Unfortunately, the 11-1 Redskins have some shoveling to do. At kickoff time, the Redskins had outscored the league 361-139, while the Cowboys had been outscored and outgained by 11 opponents who had a combined losing record. No wonder Washington was a two-touchdown favorite. Now, Gibbs’s protestations that the sky is always falling and that defeat is constantly imminent don’t sound so much like paranoia.

Just as 41-14 victories give every player an aura of glamour, so do losses highlight flaws. Earnest Byner, whose knee was sprained two weeks ago, doesn’t have his crazy legs back (22 yards in eight carries); rookie Ricky Ervins had to be summoned to provide what spark the running game showed. Had Ervins arrived sooner, would the first 2 1/2 quarters have been such a washout? And is Byner being too tough and unselfish for the team’s good?

All season, the Redskins defense’s first predicate has been Darrell Green’s ability -- perhaps unique in the modern NFL -- to cover the opponent’s best receiver man-to-man and hold his own. As Irvin said, “Darrell Green is the best cornerback in the league.”

That’s easy for Irvin to say. He caught nine passes for 130 yards and ate Green alive. The bigger the situation, the more Dallas went to Irvin; Green never won a crucial play. Was a minor leg injury from the Pittsburgh game still nagging Green? He was too classy to say.

”I’ve been concerned all year about people throwing high to tall receivers,” said Green, who’s half-a-foot shorter than Irvin. “This was his day today. There will be other days. . . . I don’t think the Redskins are going to cut me. Maybe not even next year.”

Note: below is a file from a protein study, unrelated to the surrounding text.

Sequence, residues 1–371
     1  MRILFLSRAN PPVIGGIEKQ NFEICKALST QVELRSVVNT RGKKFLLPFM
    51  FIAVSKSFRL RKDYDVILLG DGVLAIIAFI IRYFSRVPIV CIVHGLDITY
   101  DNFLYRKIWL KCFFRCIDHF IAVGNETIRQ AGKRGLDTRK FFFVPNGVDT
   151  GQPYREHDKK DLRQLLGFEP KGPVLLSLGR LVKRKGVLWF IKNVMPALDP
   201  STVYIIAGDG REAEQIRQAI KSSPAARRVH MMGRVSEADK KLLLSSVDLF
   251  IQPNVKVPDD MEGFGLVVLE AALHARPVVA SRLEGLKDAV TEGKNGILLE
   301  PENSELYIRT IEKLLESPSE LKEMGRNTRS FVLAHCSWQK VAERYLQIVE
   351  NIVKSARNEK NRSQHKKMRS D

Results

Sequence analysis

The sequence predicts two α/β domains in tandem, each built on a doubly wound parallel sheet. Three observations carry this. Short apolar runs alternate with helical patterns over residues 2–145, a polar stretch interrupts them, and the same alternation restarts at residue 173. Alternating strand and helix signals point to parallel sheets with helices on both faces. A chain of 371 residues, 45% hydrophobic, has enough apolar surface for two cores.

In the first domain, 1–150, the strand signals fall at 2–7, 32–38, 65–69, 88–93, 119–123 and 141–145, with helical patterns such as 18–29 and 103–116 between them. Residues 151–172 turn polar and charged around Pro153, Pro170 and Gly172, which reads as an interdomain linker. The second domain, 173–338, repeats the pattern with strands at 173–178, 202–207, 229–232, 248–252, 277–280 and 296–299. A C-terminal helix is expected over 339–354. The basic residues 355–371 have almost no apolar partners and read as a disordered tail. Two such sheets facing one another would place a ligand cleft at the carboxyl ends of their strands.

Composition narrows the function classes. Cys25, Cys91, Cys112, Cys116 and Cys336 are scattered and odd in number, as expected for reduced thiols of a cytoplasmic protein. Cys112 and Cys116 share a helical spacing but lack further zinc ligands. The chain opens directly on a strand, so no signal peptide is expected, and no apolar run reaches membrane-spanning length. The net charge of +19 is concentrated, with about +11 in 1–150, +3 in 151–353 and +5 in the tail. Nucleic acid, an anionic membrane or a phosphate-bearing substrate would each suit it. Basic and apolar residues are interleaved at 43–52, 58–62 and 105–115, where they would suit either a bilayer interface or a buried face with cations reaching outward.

At the moment, the book on the Redskins is written in stone -- although few teams are capable of executing it. Play soft zone defense, depending on your defensive line for pressure, with a few all-out blitzes thrown in for spice. “They played a cat-and-mouse game with us,” said Rypien. “Like the Giants.” And the Giants’ defense has consistently annoyed the Redskins more than anybody.

Great running backs who can bounce plays to the outside, such as Emmitt Smith, bother the Redskins. (But how many backs are there like that in the Redskins future -- except perhaps the Bills’ Thurman Thomas in January?)

The Redskins and their fans have had a magical, lucky, gifted ride for 2 1/2 months. But now everybody better buckle their chin straps in a league where almost anybody, even the Patriots, can beat almost anybody (ask the Bills). To get the home-field advantage in the playoffs, the Redskins will have a battle. An injury has forced the Giants to move Phil Simms (who always gives the Redskins trouble) to quarterback for Jeff Hostetler. The Eagles’ Jim McMahon is in a groove.

”There’s no sense of relief in this. There’s a sense we got beat. We were outplayed and outcoached,” said Gibbs. “I’m upset that we lost. Now we have to try to learn from it. . . . I expect I’ll be mad after I look at the films. And I’ll have to get after the people who need it.

”There’s a feeling in here {over losing} that we don’t like. . . . I hope we’ll bounce back and come out roaring.”

For the Redskins, that would be wise advice. As for Redskins fans, the lights on the wobbling bandwagon should not be extinguished, or even dimmed. And it’s fine to make those room reservations for Minneapolis in January.

As for the round-trip air fares, just make sure they’re refundable.

By  |  11:00 AM ET, 07/06/2011